eslate. The day was appointed for i be betrothed where I then was. He had never seen her. A Earl to make a visit to the young ladies, for time was anuounced for his visit; and the he bad not yet seen eitler. Tb- ladies were yi ung bride, willing to see wbether the heart informed of his approach; and the father de- of ber nuble suitor could single her out from sived them to appear in habits suitable to amongst her ladies, determined to leave him Their rank, to do him and themselves credit. to guess. Accordingly, when the berald au. The eldest, who was the handsomest of the pounced the Elector's arrival, she set off with iwain, aud of a parson of the most beautiful two of her ladies, and a small escort of gentle proportions, was so eager to shew ber delicate men (one of whom was your humble servant), shape and slender waist, that she clothed her. on a riding party. She left orders that the self in a garment called a coal-hardy, without Elector right follow her if he pleased. Whilst any living or fur, wbicb sat so close to her, that
we were coursing the country, a tremendous you might see the very beaving of her breast, shower of snow and bail fell. The Princess and almost every throb of her little vain and her ladies were dressed in scarlet habits, heart. It being the depth of winter, this vesi, embroidered with gold. Their comparat vely though suited to display the figure, was ill sligbt texture was soon penetrated by the wet. adapted to the severity of the season; and Sir Walter Ral igh-like, I led the way 10 bence she appeared to great disadvantage, for lay my coat at the Priucess's feet; two gentlethe cold seized ber limbs, benumbing their men did the same to the female attendants, motions, aud so petrifying the otherwise free
bui they rejected the offer with contempt. How of her blood, that she looked pale; nay, | The Elector with his splendid train was then black and blue, and shivered, and spoke with in sight, and they refused to put on the chattering teeth, and looked like any thing coats, and appear frights in the eyes of the but a beauty. Meanwhile her sister, regards approaching Court. Noi so the lovely Prin. less of shape, had invested herself with think
cess, she threw my blue coat over her delicale garments, well lined with fur, and so appeared figure, and buttoning it across ber breast, cerwarm and healthy, with ber complexiou fsir as tainly looked more like a country marketthe lily, and cheeks glowing as the rose. The woman, than a young beauty approaching a consequence was, that the youngest lady at. princely lover. But in the action the lover tracted the attenziou of the nobleman, so ihat descried the noble mind which disdains out. he totally neglected the inte uded bride, and, ward trappings wheu opposed to propriety; having obtained the consent of the father, in and, springing from his horse, he hailed the a few days married the prodent damsel in the lady of the blue coat as his Princess, aud pelereen."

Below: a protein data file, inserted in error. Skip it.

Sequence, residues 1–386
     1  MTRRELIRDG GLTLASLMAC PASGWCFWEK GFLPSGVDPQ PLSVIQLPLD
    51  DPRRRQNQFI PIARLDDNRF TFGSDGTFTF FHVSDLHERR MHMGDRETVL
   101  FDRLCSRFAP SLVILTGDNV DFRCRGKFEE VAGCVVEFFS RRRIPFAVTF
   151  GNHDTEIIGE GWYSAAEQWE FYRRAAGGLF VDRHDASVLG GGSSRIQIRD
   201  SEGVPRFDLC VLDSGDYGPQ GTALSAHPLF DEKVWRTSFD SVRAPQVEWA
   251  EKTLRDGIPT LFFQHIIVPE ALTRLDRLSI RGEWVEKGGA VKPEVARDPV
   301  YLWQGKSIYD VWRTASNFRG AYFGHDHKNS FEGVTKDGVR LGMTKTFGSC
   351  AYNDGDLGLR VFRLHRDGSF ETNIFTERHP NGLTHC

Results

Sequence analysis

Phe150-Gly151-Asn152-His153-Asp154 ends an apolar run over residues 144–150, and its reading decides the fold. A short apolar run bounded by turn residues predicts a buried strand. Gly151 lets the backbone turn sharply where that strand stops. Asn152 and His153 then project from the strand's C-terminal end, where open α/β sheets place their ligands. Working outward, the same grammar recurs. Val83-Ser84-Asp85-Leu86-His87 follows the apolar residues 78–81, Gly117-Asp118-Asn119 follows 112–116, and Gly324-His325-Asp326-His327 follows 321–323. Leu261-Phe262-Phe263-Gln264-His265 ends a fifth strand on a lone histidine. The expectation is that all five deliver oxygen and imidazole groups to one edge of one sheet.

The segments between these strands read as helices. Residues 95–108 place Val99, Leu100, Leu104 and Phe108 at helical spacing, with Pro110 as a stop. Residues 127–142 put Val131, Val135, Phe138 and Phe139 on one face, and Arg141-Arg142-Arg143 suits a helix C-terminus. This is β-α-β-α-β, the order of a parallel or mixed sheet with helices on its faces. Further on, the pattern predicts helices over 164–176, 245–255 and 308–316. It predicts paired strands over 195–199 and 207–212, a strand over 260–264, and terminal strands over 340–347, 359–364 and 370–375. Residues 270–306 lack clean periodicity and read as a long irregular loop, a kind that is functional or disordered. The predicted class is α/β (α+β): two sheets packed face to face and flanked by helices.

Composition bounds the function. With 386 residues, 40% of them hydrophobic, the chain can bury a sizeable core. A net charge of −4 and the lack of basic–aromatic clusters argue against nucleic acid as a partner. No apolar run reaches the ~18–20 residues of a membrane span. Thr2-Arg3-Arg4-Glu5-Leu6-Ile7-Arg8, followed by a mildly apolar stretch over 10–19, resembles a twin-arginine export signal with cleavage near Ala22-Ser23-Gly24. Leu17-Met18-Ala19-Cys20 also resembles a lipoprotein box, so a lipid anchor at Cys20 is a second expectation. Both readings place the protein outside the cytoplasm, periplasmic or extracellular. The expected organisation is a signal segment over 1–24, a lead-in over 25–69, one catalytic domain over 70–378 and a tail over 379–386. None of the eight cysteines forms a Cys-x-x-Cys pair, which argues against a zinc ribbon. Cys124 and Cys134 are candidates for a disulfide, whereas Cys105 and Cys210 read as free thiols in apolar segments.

kissing her fair hand, led her away with soft Tlvis story of Lord Burleigh reminds me whispers; whilst a loud laugh was raised of one to which I was an eye-witness, some against the dripping finery of the lady. dozen years ago, in Germany. My scene lies alteudants, and their perversity. likewise in the must inclement of the winter Urania, the Princess of my heart, will bave months. I was then at
too much good seuse not to pardon the moElector of the neighbouring Sate bad been tive of this long story from her aíbanced to one of ihe Princesses of the Court
- The young
trails, which is now the only lucrative braucb The ExuIDITION OF THE ROYAL ACA- of art, with some few exceptions, which the DEMY.-The character of the Exbibition of painter can pursue. There are very few bisthe year stands very bigh in respect to por. torical pictures in the present Exbibition, and,
with the single exception of one by the Presi- , and, upon the whole, we pronounce this to be dent, Mr. West, there is none which lays the very best historical picture wbich the artist claim to any great degree of praise.